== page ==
Meet Michele Bullock, the new RBA Governor

RBA governor Michele Bullock collage with question marks, cuz who is she? What does she know? Does she know things? Let's find out.

The Reserve Bank of Australia – the organisation in charge of Australia’s monetary policy – has had a new change in leadership. Former RBA governor Philip Lowe has been replaced by long-time deputy governor Michele Bullock, who assumed the role on 18 September 2023. She is the first woman to become governor of the RBA. 

The RBA governor leads interest rate meetings with the other RBA board members, among many other duties. These critical decisions affect Australian monetary policy, particularly the cash rate, which has knock-on effects for home loans, savings accounts, and term deposits. 

Bullock’s term as governor will also oversee the implementation of a host of RBA reforms, including press conferences eight times a year and a reduced number of cash rate decisions. 

So who is the new governor of the RBA, Michele Bullock? And what can Aussies expect from her term as RBA governor?

Who is Michele Bullock?

Michele Bullock is an Australian economist and public servant. She has worked in various positions at the Reserve Bank of Australia since 1985.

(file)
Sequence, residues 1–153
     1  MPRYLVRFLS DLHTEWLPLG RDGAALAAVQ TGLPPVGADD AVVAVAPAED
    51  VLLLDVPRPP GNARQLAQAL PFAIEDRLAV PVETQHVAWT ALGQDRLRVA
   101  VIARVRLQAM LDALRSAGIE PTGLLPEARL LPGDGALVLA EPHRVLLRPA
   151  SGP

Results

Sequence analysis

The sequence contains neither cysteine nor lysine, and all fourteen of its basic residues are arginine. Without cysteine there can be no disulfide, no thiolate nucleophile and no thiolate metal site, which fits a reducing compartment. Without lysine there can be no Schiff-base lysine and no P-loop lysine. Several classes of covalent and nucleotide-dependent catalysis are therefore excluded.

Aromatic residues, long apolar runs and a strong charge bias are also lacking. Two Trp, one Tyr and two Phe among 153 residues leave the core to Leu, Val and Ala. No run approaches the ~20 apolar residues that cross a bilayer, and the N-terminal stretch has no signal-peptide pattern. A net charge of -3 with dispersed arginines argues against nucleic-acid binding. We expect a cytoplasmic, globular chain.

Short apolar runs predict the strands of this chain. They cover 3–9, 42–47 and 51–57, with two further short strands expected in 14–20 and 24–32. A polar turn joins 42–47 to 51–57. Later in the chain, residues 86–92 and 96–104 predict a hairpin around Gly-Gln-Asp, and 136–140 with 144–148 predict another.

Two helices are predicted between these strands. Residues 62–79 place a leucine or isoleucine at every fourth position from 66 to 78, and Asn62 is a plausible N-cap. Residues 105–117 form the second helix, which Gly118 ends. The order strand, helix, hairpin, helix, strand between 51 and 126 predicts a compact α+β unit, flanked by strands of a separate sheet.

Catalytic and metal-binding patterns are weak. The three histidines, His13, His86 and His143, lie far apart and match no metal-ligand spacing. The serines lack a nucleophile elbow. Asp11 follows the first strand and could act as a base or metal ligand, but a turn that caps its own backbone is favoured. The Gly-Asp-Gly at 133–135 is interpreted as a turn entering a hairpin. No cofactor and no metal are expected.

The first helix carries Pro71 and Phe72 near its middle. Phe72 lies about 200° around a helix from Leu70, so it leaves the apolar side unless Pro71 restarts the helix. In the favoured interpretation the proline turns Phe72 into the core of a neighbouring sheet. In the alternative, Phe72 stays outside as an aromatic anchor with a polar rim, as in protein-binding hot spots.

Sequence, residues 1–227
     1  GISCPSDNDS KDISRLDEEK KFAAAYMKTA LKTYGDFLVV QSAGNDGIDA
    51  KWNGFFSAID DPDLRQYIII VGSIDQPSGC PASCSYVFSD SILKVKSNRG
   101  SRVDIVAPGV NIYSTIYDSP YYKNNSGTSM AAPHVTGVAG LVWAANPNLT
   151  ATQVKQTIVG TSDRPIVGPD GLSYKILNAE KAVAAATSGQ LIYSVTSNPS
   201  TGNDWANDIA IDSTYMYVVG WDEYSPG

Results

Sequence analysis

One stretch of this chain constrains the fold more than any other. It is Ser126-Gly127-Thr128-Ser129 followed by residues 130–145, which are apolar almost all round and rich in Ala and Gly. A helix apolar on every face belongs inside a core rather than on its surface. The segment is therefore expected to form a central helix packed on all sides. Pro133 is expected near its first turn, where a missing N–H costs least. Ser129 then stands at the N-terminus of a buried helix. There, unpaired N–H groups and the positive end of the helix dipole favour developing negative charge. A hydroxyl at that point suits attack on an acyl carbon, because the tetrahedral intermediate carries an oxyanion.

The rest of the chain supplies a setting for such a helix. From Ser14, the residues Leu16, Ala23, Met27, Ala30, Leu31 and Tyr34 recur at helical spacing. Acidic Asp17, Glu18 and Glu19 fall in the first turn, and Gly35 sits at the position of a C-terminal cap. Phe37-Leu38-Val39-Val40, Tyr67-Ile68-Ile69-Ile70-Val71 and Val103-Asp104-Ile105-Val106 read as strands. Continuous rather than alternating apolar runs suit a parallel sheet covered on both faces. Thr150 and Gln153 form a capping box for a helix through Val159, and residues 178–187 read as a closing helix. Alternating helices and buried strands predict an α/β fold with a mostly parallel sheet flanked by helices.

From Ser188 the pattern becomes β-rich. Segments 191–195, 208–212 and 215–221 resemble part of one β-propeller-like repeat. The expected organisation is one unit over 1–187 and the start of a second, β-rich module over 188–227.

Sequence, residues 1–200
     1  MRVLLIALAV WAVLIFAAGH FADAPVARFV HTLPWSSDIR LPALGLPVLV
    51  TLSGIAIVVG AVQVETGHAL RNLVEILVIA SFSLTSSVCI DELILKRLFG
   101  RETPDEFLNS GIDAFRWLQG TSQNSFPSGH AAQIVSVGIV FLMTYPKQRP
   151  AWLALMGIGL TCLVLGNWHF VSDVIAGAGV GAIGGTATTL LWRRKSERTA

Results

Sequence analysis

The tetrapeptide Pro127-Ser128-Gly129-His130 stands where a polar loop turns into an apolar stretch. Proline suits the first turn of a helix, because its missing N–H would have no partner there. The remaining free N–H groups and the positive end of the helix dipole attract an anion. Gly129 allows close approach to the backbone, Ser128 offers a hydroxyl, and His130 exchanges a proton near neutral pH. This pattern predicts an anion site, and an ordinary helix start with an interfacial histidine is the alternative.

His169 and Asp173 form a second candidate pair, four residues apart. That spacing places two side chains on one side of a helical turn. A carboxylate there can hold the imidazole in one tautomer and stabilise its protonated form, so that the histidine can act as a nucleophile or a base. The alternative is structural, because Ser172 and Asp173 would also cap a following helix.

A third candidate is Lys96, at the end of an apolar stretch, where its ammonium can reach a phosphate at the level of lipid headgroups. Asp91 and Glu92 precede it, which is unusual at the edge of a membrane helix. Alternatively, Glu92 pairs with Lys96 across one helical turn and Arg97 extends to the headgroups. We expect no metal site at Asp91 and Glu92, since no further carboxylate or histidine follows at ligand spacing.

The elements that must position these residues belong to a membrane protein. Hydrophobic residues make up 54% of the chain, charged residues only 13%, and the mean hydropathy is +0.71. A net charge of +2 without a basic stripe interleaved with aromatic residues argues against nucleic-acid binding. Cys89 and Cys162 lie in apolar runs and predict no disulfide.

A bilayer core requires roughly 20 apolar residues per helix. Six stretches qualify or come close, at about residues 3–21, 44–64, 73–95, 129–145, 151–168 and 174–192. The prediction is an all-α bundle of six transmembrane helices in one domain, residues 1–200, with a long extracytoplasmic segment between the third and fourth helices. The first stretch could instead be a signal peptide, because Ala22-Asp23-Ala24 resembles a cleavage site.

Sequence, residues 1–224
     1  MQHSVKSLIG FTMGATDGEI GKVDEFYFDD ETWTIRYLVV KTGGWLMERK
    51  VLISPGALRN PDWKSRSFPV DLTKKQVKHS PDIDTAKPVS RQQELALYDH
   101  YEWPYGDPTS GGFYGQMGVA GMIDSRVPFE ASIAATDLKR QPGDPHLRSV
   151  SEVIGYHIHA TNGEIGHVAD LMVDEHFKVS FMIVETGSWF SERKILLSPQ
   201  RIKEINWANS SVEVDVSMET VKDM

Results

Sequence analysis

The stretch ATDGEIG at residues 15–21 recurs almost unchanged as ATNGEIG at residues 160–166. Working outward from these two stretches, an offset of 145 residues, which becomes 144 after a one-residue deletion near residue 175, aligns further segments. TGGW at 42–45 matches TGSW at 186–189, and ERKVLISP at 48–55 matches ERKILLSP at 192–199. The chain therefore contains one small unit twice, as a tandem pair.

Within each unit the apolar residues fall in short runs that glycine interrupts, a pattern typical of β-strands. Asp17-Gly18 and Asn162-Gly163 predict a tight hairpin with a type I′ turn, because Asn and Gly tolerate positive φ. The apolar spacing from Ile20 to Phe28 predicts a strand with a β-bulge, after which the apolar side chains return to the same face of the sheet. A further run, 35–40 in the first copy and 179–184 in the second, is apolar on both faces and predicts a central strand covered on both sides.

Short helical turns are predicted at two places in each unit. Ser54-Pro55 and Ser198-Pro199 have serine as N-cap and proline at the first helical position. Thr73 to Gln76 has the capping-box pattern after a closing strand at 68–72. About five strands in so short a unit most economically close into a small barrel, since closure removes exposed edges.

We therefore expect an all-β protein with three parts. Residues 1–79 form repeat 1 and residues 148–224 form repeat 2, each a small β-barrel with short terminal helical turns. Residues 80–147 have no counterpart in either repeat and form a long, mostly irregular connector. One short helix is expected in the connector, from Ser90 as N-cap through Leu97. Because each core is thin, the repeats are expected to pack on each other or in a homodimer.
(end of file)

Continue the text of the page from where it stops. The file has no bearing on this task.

Bullock is the ninth and current governor of the RBA after completing a stint as the first female deputy governor of the RBA. 

Her term as RBA governor lasts until 17 September 2030 unless renewed by the Australian Treasurer. 

She also chairs the Reserve Bank Board (the governing body in charge of the cash rate), the Payments System Board, and the Council of Financial Regulators. 

Where did Michele Bullock go to school?

Michele Bullock has a master's degree from the London School of Economics (1989) and a bachelor's with honours from the University of New England (1984). 

During her honours year at UNE, she interned at the RBA before accepting a full-time position. Since then, she has continuously worked for the RBA. 

Where did Michele Bullock grow up?